REMEMBER last year when Coolangatta kicked 13 final-quarter goals against Mayne at Len Peak Oval – yet still lost the match?
The ghosts of Len Peak Oval must have remembered that remarkable clash because on Sunday, at the same venue, Coolangatta produced another remarkable final term – but this time they took the bacon home.

By Terry Wilson

Trailing by 27 points at three-quarter time, the Blues came up with a burst of eight goals to one to steal a stunning victory – perhaps maybe even a finals pipeline – by 15.12 (102) to 12.14 (86).
The precious four premiership points took Coolangatta to equal fifth on the ladder – with two other Gold Coast sides Palm Beach-Currumbin and Surfers Paradise.
At this stage of the season, after nine rounds, it appears certain one of those sides is going to take fifth spot for the finals.
And it was the danger of missing the top five that spurred the Blues to their final-term heroics.
Coach Neil Mackay saw the season slipping away when his side trailed by 27 points at three-quarter time.
A stern message at the huddle, some clever positional manoeuvring and, bingo, the Blues were in business.
Mackay moved midfield linchpins Daniel Hawkins and Sam Carins to the forward line and he told the rest of the troops to abandon their futile handball-out-of-the-pack tactic and kick the football long to the goal square.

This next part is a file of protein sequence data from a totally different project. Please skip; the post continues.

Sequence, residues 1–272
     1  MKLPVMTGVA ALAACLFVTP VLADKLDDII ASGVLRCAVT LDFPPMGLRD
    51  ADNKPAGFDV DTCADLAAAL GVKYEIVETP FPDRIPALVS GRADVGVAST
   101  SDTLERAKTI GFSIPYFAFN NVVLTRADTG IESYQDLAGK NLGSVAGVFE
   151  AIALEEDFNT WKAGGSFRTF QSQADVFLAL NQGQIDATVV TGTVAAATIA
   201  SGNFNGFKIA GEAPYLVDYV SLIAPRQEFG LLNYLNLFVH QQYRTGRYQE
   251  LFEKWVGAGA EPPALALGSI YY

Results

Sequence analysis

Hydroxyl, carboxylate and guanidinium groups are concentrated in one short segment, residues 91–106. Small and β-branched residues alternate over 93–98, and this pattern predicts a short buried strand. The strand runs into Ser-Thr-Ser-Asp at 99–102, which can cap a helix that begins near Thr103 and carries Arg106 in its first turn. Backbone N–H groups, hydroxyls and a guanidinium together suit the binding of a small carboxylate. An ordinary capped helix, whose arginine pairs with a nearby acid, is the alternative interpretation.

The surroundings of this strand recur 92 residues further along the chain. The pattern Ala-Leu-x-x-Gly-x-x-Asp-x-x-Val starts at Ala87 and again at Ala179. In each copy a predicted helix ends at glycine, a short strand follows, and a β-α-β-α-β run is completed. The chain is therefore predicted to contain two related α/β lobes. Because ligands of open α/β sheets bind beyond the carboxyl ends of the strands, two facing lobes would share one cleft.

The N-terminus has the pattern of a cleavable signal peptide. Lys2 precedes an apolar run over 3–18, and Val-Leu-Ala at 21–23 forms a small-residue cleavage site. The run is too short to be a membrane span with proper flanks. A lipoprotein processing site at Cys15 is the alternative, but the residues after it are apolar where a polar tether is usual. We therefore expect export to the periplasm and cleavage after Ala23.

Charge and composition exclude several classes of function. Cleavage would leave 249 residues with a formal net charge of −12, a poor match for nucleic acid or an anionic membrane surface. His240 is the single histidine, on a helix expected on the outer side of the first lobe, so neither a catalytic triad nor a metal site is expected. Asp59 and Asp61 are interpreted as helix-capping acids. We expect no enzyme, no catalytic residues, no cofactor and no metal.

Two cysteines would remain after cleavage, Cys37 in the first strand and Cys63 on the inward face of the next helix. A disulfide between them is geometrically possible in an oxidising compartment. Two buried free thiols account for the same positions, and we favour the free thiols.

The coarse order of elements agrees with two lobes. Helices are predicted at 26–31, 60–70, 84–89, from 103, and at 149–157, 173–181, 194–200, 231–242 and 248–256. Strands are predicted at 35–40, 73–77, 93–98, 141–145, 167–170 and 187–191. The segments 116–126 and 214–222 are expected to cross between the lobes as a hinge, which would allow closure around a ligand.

“I told them their season was on the line because we could have gone 3-5 after dropping a game to the bottom side,” explained Mackay.
“Our plan was to win the stoppages and belt the ball forward to the top of the goal square instead of trying to handball it out of the contests.”
Coolangatta were given plenty of drive from three pre-season unheralded players – midfielder Andrew Haines and wingmen Nicholas Lock and Sam Fife.
Haines spent some time in the reserves, but has blossomed into a consistent contributor since being given a run in top grade.”
“He got us going,” said Mackay of Haines’s efforts, especially in the last quarter.
Mackay also praised the silky skills of 18-year-old Fife, who he said was clean at the ball all match.
The mood in the Mayne camp after the collapse was understandably sombre.
Player-coach Luke Faulkner was a shattered man after blowing such a lead – his Tigers again finding a way to lose a match they looked to have had in their keeping.
“I’m devastated,” he said. We had three shots right in front in the last quarter that could have sealed it for us, but we missed them all.
“We should have won because we worked so hard – and to have the lead, and lose like that, I’m absolutely shattered.
“Everyone thinks we’re nothing, but we’ve been in games all season – we just can’t get over the line.”
Veteran Andrew Housego was the pick of the Tigers, kicking three goals up forward before a role in the midfield.
And half-back flanker Sam Paterson and ruckman John Seccull gave their all and did not deserve to be part of the final result against their side.

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